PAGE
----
Ukrainian foundries are expected to achieve the output of 1.5–1.8 million tons per year by 2025

Casting industry is the main supplier of materials for mechanical engineering. The quality of casting products determines the competitiveness of mechanical engineering products in the global market.

Ukraine’s casting industry can manufacture parts of almost any configuration and of any materials. At the best of times, Ukraine produced 6.5 million tons of casting products. The country used to be the world’s top producer in terms of production volumes, 107 kg per capita. Today, it’s only 17–18 kilogram per capita, while developed economies produce 45 kg per capita and more.

Over the past three years, the world’s production of casting products grew from 85 million to 123 million tons. China alone increased its foundry production threefold over the past 5 to 8 years, from 17 million to 47–49 million tons.

By the way, efforts are being made to set up cooperation between Ukraine and China in the casting industry. Since Chinese casting products are mainly of poor quality, China attempts to remedy the situation by placing orders at Ukrainian plants or inviting Ukrainian specialists to deliver staff training. Ukrainian companies benefit from these orders too, because they mean jobs, wages and budget revenue.

Structure of production

The Soviet Union was rather an iron casting than steel casting country: it produced 60% of pig iron casting and 40% of steel casting. Grey iron accounted for the lion’s share in the structure of pig iron production, whereas ductile iron — minor.

The contemporary market, however, demands mostly ductile iron. Therefore, Ukraine is tasked to increase its production volumes.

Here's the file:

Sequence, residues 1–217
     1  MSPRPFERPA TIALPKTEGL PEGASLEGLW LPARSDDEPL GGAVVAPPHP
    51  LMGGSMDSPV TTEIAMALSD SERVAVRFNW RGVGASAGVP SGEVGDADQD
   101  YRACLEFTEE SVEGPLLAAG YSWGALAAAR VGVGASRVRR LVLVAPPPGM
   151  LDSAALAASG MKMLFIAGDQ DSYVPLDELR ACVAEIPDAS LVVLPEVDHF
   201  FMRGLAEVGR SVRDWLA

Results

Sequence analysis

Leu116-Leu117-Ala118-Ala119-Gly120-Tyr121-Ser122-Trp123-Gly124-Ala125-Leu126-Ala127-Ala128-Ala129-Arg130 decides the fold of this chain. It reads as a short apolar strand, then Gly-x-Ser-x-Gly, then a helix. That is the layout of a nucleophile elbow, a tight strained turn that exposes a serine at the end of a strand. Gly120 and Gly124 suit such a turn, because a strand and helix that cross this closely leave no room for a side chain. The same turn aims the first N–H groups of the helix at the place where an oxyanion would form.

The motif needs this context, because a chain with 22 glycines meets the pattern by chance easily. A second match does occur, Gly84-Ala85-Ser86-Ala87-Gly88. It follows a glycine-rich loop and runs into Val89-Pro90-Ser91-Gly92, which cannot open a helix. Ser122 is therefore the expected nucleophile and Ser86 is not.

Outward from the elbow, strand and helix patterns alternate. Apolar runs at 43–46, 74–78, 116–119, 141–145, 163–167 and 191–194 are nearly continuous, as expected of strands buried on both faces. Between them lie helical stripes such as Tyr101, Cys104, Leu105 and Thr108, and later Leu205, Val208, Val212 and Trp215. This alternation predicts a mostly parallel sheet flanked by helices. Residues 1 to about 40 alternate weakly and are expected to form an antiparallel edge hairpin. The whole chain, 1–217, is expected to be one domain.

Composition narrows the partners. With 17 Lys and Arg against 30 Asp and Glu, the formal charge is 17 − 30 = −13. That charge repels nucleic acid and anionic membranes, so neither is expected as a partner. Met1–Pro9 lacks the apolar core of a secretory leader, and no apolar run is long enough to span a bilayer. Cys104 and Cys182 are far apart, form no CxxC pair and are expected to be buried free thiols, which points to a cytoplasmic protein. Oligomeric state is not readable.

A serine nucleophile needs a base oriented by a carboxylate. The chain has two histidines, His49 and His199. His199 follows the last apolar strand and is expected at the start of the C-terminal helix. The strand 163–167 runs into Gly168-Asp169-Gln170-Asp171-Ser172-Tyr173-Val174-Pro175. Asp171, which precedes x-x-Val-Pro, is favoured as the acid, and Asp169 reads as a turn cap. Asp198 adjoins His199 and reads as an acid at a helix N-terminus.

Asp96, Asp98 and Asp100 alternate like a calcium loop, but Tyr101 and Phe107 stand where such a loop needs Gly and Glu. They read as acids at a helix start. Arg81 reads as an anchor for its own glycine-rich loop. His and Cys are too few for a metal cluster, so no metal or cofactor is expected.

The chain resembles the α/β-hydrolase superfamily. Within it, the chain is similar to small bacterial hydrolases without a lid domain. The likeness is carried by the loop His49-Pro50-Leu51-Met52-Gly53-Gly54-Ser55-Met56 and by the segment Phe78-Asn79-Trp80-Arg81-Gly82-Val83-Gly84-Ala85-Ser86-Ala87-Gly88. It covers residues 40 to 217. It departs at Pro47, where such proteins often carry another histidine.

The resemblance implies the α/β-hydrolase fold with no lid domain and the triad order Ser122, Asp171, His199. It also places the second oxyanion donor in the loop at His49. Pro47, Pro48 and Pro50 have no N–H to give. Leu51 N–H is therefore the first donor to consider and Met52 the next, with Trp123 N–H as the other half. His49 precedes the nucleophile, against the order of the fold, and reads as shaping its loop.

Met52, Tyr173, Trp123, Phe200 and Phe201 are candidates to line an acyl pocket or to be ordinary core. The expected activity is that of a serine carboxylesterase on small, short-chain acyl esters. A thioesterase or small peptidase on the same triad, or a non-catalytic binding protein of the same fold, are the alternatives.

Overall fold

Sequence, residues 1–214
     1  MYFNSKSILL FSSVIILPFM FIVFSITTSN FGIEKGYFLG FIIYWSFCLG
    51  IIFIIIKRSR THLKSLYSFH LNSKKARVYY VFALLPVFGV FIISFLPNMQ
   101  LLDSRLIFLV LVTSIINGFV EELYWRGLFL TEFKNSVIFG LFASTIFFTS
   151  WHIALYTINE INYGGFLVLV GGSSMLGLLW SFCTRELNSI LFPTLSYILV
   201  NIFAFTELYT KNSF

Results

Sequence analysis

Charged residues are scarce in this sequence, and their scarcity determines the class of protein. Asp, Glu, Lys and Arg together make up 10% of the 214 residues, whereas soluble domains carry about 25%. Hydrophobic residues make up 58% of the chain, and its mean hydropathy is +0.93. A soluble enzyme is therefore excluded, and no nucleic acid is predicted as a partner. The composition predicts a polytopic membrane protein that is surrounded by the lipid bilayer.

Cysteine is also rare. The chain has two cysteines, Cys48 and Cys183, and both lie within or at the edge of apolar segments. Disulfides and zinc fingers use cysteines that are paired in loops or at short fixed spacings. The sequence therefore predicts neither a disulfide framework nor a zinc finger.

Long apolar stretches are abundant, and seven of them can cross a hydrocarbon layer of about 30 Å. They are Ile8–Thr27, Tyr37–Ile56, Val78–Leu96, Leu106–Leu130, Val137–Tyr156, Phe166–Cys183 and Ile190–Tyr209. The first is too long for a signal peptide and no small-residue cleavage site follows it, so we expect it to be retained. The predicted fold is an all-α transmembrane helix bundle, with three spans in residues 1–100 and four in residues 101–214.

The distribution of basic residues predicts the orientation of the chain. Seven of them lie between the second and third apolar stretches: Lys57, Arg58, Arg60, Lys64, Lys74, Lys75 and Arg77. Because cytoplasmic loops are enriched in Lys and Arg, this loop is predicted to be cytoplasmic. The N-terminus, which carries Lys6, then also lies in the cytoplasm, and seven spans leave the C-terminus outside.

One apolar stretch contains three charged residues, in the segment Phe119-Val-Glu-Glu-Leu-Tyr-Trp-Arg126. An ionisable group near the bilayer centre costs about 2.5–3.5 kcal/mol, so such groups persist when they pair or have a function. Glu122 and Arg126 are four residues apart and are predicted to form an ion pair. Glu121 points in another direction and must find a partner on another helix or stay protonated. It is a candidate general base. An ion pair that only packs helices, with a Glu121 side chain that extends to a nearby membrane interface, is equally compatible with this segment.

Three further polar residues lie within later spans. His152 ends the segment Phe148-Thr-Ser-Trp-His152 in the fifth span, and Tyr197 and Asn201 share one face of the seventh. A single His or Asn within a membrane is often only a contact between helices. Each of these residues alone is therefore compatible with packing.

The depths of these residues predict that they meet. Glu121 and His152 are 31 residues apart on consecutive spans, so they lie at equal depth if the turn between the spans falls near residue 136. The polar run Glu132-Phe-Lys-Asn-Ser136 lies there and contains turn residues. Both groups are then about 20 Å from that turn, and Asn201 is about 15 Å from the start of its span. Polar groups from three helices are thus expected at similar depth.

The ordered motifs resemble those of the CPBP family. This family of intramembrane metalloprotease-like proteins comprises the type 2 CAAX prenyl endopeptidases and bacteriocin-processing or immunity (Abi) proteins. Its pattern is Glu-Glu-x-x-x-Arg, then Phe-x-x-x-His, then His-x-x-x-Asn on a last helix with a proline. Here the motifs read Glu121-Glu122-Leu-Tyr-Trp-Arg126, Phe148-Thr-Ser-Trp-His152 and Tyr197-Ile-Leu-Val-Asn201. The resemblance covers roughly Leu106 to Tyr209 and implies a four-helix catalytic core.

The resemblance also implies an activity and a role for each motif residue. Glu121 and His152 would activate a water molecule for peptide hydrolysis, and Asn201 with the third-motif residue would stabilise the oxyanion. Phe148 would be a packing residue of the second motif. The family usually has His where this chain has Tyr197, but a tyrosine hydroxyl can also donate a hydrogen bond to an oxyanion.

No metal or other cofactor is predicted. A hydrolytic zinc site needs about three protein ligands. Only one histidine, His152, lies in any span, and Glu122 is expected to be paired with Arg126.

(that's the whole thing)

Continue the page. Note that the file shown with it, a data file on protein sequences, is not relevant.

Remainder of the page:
Production capacity

To date, the capacity of Ukraine’s casting industry is 3–3.5 million tons. Around one fourth of production facilities are located in the separatist-controlled east of the country. Without taking them into account, Ukraine can manufacture 2.5–2.7 million tons. Yet, the existing facilities manufacture only about 700–750 thousand tons. Until 2014, Ukraine produced 1–1.2 million tons of casting products.

In 2015–2016, the sector faced a huge decline — production volumes dropped to 300–400 thousand tons. This was the time of crisis. The sector recovered in 2017–2018. In 2019, production of casting products is expected to reach 700–800 thousand tons.

Until 2025, Ukrainian foundries should reach, according to a conservative estimate, the annual output of 1.5–1.8 million tons.

Domestic market

Ukraine manufactures mechanical engineering products to fill the domestic market. Hence, a growth in mechanical engineering production automatically means a growth in foundry production. These are capacity reserves that will be in demand. Therefore, the lack of the domestic market poses a big problem for Ukrainian foundries.

The second most serious factor of pressure on the casting industry is energy prices. Energy prices in Ukraine are higher than in Russia and Belarus, hence the highest production costs. The country practically cannot compete by price with Russia and, especially, Belarus.

Development of the industry

In view of the above-mentioned challenges, casting companies mapped out a concept of the industry’s development. It covers the following three major directions:

  1. Application of up-to-date technologies to minimize the influence of the human factor on the result.
  2. Reduction in casting waste. At present, Ukraine generates 20 kilograms of casting waste per capita, i.e. more than the manufactured casting products per capita. Our task is to cut casting waste by 3–4–5 times, down to 5 kilograms per capita.
  3. Market protection. We are going to revise our normative and technical documents to protect the domestic market against globalization. We have already revised four basic standards.

The concept implementation will create over 100,000 jobs in Ukraine and ensure annual budget revenue of more than EUR 2 billion.

Key points of the address by Stepan Klymenko at the 5th conference “Ukraine’s Scrap Metal Market: Practical Aspects and Contemporary Challenges” that took place on 5 June 2019